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Article
August 1979

Frequency-Amplitude Gradient A New Parameter for Interpreting Pediatric Sleep EEGs

Author Affiliations

From the Division of Pediatric Neurology (Dr Slater) and the Department of Neurology (Dr Torres), University of Minnesota, Minneapolis.

Arch Neurol. 1979;36(8):465-470. doi:10.1001/archneur.1979.00500440035005
Abstract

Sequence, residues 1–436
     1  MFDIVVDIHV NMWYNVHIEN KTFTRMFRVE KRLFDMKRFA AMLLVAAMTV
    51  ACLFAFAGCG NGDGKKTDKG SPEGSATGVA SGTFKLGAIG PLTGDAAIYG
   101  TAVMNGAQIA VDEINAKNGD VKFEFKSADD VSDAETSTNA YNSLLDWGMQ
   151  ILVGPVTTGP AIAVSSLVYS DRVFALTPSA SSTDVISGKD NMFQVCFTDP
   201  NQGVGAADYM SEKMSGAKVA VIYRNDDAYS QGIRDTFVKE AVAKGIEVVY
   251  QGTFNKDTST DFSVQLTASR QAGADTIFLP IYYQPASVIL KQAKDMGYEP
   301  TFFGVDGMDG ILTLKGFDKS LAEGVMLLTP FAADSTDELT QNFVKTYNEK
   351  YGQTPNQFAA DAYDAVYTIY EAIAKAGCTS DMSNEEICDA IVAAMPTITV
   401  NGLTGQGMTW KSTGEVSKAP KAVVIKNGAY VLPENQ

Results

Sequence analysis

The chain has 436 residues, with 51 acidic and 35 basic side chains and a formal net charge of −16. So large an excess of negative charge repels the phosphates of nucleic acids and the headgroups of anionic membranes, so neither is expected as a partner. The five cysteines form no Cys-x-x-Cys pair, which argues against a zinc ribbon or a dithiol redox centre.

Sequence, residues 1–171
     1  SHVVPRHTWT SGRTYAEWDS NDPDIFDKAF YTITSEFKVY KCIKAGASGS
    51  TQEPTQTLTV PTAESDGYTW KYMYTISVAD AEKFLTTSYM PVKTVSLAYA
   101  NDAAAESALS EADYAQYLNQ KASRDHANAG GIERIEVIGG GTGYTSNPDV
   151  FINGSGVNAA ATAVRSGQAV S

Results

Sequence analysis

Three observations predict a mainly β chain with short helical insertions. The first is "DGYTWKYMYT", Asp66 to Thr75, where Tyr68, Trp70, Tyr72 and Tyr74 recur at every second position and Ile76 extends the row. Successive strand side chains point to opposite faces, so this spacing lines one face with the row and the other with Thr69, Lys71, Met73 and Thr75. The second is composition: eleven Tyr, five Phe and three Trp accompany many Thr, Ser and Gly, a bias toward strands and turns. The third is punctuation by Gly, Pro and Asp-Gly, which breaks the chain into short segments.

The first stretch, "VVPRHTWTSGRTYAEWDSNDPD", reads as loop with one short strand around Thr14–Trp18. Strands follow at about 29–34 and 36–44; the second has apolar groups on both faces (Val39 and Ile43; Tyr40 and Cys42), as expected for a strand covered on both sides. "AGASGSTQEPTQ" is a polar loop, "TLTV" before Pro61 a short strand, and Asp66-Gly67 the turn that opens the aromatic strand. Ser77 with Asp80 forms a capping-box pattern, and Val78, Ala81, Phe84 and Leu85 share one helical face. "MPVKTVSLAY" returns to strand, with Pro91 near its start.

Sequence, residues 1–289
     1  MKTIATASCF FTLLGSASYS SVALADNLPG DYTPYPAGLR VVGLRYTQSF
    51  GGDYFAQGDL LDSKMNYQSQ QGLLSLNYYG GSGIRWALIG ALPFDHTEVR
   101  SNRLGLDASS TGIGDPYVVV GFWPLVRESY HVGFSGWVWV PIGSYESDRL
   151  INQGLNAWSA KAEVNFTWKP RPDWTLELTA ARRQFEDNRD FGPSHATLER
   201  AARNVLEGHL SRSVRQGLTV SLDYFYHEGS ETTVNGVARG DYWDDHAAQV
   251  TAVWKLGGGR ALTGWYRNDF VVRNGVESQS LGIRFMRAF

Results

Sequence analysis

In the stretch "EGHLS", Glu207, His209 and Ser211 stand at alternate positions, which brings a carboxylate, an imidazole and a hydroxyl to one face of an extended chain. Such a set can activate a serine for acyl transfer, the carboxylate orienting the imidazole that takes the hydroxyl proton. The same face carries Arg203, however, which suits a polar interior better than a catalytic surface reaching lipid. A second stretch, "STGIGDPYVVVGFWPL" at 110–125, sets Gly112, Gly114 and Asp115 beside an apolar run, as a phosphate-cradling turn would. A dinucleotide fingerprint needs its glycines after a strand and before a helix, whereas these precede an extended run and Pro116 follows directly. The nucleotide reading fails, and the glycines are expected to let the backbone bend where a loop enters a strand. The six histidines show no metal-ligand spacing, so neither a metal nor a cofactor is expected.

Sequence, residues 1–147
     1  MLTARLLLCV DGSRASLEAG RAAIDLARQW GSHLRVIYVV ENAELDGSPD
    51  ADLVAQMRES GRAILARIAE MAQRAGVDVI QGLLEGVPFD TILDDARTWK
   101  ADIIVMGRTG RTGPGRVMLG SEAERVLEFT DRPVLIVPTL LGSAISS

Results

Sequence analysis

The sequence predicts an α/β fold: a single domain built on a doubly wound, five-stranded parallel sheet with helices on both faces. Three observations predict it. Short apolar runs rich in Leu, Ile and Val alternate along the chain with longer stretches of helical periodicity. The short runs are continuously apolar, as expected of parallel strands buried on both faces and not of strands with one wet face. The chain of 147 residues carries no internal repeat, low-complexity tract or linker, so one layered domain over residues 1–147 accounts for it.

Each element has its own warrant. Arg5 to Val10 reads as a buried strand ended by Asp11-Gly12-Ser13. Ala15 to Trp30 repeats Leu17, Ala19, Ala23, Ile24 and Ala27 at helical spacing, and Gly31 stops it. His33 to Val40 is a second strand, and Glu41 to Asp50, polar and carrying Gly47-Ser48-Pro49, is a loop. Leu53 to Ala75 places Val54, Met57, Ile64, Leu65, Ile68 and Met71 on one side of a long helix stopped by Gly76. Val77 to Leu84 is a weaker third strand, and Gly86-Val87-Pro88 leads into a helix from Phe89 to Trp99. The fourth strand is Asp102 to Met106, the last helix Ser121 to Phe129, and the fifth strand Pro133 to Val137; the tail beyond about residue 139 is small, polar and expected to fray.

• We describe an EEG pattern in pediatric sleep records, called the frequencyamplitude gradient (FAG). This pattern is a progressive decrement in voltage from occipital to frontal areas, with an accompanying decrease in slow frequencies in the same posterior-anterior direction. We report the results of examining 100 sleep records of children between birth and 10 years of age, with a review of the clinical diagnoses. There is a positive correlation between the severity of illness and the presence or absence of FAG. Furthermore, acute illnesses appear to be associated with the transient loss of the FAG, and with its return to normal with clinical recovery. The presence or absence of a FAG should be incorporated into the criteria for determining the normality of pediatric sleep EEGs.

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